Vulvodynia is a chronic pain syndrome that causes discomfort with any kind of pressure or touch to the area surrounding the vagina. This condition is known by several different names such as Vestibulodynia, Vulvar Vestibulitis Syndrome and Localized Provoked Vulvodynia. Vulvodynia affects the vulva, the external female genital organs, which includes the labia, clitoris, and vaginal opening.
Symptoms of Vulvodynia usually begin suddenly and can last anywhere from months to years. These symptoms can include:
- Burning sensation
- Stinging or rawness
- Painful sex (Dyspareunia)
- Aching, soreness, or throbbing
Although doctors don’t fully know what causes most forms of Vulvodynia, researchers believe that some of the causes could be:
- Nerve injury or irritation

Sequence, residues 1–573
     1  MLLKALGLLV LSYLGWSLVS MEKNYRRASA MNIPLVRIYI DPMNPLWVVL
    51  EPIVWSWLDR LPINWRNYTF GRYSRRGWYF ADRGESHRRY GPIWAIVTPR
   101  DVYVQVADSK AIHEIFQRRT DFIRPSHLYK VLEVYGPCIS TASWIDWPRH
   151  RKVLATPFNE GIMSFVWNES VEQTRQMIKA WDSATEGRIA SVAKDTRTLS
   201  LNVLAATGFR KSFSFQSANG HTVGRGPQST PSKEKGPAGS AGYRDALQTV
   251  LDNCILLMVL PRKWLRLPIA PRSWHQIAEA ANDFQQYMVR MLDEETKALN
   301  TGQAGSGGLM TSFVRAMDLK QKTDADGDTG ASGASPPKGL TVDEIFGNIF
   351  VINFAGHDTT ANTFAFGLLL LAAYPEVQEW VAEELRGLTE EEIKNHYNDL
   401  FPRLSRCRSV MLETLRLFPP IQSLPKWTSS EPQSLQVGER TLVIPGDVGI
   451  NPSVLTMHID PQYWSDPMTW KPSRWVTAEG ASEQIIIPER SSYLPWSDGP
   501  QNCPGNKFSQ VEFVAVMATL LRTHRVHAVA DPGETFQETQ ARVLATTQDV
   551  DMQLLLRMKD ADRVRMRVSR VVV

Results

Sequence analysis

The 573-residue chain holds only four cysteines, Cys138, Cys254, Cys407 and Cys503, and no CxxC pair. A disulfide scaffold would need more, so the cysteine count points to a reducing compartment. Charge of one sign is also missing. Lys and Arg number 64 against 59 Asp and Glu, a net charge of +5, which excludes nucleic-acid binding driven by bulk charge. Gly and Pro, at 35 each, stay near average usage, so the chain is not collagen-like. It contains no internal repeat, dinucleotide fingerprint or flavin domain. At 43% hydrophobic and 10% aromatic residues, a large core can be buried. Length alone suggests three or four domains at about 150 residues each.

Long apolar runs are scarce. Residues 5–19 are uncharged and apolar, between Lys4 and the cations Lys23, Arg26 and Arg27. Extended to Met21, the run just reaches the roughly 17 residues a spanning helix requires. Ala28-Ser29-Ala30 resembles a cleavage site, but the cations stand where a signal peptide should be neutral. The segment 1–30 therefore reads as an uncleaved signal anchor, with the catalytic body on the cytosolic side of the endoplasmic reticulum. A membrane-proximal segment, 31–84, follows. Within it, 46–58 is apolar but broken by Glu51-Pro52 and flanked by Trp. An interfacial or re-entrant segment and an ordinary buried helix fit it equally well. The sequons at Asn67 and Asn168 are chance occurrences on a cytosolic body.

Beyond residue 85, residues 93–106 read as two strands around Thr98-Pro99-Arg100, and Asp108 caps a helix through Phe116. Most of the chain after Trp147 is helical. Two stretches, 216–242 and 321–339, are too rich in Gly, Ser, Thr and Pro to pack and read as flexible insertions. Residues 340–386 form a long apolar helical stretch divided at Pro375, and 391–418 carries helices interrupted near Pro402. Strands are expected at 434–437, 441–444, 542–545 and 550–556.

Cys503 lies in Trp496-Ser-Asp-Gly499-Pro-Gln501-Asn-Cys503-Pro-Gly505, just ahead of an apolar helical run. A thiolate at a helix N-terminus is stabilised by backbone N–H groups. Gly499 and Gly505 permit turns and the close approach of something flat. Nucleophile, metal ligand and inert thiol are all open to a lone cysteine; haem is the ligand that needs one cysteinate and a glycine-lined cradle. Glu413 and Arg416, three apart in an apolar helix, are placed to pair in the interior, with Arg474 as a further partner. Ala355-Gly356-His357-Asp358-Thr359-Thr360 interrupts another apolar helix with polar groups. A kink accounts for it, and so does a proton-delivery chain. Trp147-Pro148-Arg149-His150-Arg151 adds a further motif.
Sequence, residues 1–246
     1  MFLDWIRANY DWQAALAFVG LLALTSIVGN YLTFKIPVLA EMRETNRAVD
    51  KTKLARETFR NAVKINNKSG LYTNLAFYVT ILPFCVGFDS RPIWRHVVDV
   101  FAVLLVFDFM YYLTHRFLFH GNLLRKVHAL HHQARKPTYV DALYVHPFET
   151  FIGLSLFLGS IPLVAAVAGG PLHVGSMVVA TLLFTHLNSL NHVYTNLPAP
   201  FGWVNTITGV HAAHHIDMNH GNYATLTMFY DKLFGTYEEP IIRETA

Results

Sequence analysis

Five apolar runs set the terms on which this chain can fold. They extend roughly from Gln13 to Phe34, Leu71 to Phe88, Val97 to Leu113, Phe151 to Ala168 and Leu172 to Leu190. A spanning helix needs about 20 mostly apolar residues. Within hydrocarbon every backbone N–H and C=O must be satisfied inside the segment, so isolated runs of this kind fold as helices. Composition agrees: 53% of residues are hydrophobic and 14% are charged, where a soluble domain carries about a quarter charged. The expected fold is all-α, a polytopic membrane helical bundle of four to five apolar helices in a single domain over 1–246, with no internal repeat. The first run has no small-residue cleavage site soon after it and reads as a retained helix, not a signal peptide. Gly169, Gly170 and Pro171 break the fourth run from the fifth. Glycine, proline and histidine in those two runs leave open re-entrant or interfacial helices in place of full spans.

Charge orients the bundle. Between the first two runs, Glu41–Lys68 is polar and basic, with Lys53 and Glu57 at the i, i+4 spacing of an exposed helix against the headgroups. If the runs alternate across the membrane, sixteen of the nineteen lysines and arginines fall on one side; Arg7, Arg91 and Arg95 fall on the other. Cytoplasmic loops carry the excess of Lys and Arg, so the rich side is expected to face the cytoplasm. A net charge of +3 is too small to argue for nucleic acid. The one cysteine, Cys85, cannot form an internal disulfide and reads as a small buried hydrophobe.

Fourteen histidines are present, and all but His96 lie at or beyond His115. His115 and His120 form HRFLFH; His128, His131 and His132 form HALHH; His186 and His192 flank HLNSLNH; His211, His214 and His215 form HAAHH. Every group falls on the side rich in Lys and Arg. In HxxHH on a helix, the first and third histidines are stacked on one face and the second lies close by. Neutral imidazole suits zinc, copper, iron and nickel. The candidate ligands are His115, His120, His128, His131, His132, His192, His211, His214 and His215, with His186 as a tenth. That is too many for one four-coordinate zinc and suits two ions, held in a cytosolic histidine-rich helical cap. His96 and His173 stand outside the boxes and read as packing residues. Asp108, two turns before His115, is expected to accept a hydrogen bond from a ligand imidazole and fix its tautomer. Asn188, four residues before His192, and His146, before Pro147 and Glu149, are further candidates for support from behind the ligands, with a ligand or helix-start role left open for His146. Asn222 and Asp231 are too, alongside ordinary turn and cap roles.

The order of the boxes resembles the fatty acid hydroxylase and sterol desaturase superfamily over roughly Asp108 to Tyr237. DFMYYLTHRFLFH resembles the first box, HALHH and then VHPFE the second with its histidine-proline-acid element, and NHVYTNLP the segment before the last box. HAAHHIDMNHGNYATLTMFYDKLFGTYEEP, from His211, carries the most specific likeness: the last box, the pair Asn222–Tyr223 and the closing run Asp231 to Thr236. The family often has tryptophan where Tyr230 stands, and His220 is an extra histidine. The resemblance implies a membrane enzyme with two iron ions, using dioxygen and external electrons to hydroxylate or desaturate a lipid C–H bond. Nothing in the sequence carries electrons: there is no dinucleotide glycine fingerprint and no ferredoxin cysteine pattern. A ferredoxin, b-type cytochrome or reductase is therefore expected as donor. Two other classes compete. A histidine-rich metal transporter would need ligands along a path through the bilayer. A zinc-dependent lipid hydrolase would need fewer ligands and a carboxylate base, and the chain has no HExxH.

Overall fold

- Abnormal response to an infection or trauma
- Genetic factors
- Hypersensitivity to yeast infections
- Muscle spasms
- Allergies or irritation to chemicals or other substances
- Hormonal changes
- History of sexual abuse
- Frequent antibiotic use
Many health care providers may not be familiar with Vulvodynia. Women suffering from Vulvodynia should look for a doctor, sex therapist or physical therapist that is knowledgeable about this condition. Although there is no cure, there are treatments that can help bring relief. Use of vaginal dialtors may be recommended for physical therapy, which involves exercise to strengthen pelvic muscles and lessen muscle spasms, or during biofeedback, which helps women learn to relax vaginal muscles to lessen pain.
Did you know?
- 15%-20% of women worldwide suffer from vulvodynia
- 14 million women in the U.S. may have experienced chronic vulvar pain at some point in their lives
- After completing the treatment, 93.3 % women are able to resume sexual activity without discomfort
- Nearly 40% of women with vulvodynia choose not to seek treatment
- 9 to 18% women between 18-64 years old will experience vulvar pain during their lifetime